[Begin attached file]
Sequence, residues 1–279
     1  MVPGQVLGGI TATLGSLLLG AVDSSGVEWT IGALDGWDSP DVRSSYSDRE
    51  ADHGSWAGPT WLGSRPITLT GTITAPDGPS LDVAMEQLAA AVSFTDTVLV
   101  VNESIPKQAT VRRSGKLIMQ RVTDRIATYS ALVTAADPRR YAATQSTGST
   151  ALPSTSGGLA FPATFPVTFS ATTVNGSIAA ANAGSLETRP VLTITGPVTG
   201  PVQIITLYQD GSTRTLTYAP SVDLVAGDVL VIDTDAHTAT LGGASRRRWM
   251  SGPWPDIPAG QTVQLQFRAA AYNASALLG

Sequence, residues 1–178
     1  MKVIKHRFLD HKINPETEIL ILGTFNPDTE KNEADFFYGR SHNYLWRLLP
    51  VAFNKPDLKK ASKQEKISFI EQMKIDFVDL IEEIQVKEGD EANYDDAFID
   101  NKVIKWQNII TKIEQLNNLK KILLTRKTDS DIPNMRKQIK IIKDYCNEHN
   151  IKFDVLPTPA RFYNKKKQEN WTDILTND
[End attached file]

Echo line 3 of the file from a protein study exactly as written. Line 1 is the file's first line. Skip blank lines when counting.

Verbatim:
    51  ADHGSWAGPT WLGSRPITLT GTITAPDGPS LDVAMEQLAA AVSFTDTVLV